‘Voice of renewables’ strong, says IRENA Director-General

ABU DHABI, 13th January, 2018 (WAM) — The International Renewable Energy Agency, IRENA, with 154 member states and a further 26 states in the process of acceding to its treaty, represents a ‘global renewable energy family’ which is “well-poised to drive the energy transformation needed to achieve the objectives of sustainable development and climate change, enshrined in the historical global agreements reached in 2015,” its director-general, Adnan Z. Amin, said today.

Delivering his annual report for 2016-2017 at the 8th annual Assembly, which opened in Abu Dhabi today, Amin said that “not so long ago, this young Agency was entrusted with a mission to become a voice of renewable energy to promote its business case and demonstrate its value. Seven years later, at the end of the 2016-2017 programmatic cycle – and the end of our first Medium-term Strategy – we can say with confidence that the voice of renewables is strong and heard all over the world.”

“The Agenda 2030 for Sustainable Development and the Paris Agreement on climate change place renewable energy at the heart of the global effort to secure a prosperous and inclusive future for all,” the director general said. “This has far-reaching implications for all of us. The shift from one energy system to another is not simple and, undoubtedly, it will take many years before the current system is transformed. But the transformation of the current energy system is gaining pace and is unstoppable.”

He cited data from the latest Renewable Power Generation Costs report, issued to coincide with the Assembly, and based on a database that now contains over 15,000 projects representing some 1,000 GW of capacity in 147 countries, to show that the cost of utility-scale solar PV electricity has fallen by 73 percent since 2010, with record low prices in Chile, Mexico, Peru, Saudi Arabia and the UAE having made USD 3 cents/kWh the new benchmark. Onshore wind projects are now routinely commissioned at 4 cents/kWh, with the global average of 6 cents.

“A significant recent trend has been the gradual shift in the power sector from tariff-based mechanisms to auctions,” Amin added, saying that “At the end of 2016, at least 67 countries had held such auctions, up from only six in 2005. IRENA’s project and auction data suggest that, by 2020, all currently commercialised renewable energy power generation technologies will be fully competing with traditional sources by generating in the range USD 3-10 cents/kWh.”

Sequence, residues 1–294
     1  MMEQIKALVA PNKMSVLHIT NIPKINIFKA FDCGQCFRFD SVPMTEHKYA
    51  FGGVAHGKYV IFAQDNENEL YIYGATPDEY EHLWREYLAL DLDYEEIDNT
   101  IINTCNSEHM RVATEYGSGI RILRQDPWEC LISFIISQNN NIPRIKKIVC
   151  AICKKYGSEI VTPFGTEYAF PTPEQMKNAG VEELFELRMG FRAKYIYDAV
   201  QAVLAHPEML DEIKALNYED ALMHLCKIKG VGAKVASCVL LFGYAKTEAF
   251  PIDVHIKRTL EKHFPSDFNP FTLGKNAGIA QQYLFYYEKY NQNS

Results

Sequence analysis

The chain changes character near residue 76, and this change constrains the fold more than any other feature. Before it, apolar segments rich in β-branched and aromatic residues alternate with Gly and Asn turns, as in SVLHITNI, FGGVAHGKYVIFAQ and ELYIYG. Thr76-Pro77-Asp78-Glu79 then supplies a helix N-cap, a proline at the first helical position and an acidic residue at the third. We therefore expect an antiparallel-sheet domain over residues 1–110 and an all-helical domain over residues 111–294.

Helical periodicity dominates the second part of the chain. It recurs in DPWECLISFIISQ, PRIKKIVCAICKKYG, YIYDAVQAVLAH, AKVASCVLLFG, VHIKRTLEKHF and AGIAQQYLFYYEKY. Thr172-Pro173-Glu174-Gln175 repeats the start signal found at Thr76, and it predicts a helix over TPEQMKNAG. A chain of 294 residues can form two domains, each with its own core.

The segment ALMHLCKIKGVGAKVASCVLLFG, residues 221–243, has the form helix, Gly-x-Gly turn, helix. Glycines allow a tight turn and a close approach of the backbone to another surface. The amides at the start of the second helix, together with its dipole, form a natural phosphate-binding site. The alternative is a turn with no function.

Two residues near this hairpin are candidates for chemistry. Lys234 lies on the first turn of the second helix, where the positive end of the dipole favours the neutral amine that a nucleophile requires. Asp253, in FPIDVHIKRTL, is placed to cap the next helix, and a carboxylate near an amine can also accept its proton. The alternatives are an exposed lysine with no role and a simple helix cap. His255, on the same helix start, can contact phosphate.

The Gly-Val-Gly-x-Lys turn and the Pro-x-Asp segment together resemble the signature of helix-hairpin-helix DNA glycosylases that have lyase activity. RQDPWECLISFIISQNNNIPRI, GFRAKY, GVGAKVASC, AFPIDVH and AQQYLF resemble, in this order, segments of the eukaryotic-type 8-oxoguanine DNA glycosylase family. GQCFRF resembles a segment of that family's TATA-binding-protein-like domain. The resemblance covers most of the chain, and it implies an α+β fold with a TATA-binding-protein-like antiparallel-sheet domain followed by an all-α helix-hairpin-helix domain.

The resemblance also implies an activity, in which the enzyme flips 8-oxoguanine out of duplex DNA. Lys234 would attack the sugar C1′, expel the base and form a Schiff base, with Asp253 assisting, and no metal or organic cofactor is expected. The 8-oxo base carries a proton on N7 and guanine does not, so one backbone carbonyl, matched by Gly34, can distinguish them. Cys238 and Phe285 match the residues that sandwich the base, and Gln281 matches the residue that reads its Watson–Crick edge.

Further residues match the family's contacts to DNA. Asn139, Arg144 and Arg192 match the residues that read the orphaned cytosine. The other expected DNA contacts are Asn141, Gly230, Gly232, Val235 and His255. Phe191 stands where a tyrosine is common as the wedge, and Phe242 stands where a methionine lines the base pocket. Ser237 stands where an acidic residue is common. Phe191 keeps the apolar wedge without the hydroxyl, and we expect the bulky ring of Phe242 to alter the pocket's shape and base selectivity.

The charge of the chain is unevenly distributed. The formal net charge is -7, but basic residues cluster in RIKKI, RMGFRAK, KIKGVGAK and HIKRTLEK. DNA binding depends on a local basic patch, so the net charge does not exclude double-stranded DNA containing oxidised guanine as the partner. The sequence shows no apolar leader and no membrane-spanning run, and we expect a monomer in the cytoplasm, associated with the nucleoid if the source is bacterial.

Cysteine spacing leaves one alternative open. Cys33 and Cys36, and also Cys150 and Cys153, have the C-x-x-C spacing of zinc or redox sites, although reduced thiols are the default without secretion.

A similar trend is emerging, he said, in battery storage technologies, with electric vehicle battery costs having fallen 73 percent between 2010 and 2016. “These trends, combined with similar trends in renewable generation storage and smart technologies are opening a range of options that seemed a distant future only a couple of years ago. “

An analysis of investment trends, he added, “suggests that, since 2012, renewable power capacity installations have exceeded non-renewables by a rising margin and, in 2016, they represented 60 percent of all new power-generating capacity In 2016, more than 90 percent of investment came from private sources, of which 40% was from project developers. “

“Falling solar and wind power costs in particular reduced the total value of renewable energy investment, as each dollar of investment financed more capacity than in previous years. Our latest data shows that, in 2016, 162 GW of new renewable capacity was added to the global mix, representing an 8.8 percent increase, and surpassing 2000 GW of renewable generation worldwide. Most notably, around 70 percent of the increase in 2016 took place in the global South, with 58 percent in Asia and 12.1 percent in Africa where the capacity additions doubled compared to the growth in 2015.”

“The achievement of sustainable development and climate objectives require a seismic shift in the way we produce, distribute and consume energy,” Amin added. “Ambitious deployment of renewable energy, in conjunction with energy efficiency measures, could account for around 90 percent of the energy-related carbon emission reductions needed by 2050. To reach this level of decarbonisation, we estimate that the share of renewable energy would need to increase from around 15 percent of primary energy supply in 2015 to 65 percent in 2050.”

Amin noted that a 2017 review suggested that the renewable energy sector now supported 9.8 million jobs globally, with Solar PV being the largest employer with 3.1 million jobs worldwide, a 12 percent increase from the 2016 job review.

He added that “strong engagement with the private sector actors is playing an indispensable role.”

“Over 90 percent of investment in renewables comes from the private sector. Many companies are opting for renewable energy as part of their corporate strategy and already some 120 major corporations have committed to 100% renewables as part of the RE100 initiative.”

Amin thanked a number of countries and other bodies which have voluntarily provided IRENA with additional resources to help it achieve its mission, including the United Arab Emirates, the European Commission, France, Germany, Italy, Japan, The Netherlands, Norway, Korea, Sweden and the Walloon Region of Belgium.

“A new energy system is emerging with renewables at its heart, and IRENA has to play its part in this global effort,” the IRENA director general concluded. “We enter the next chapter with confidence that, with your support and active engagement, united behind IRENA’s mission, we are setting the stage for success.”



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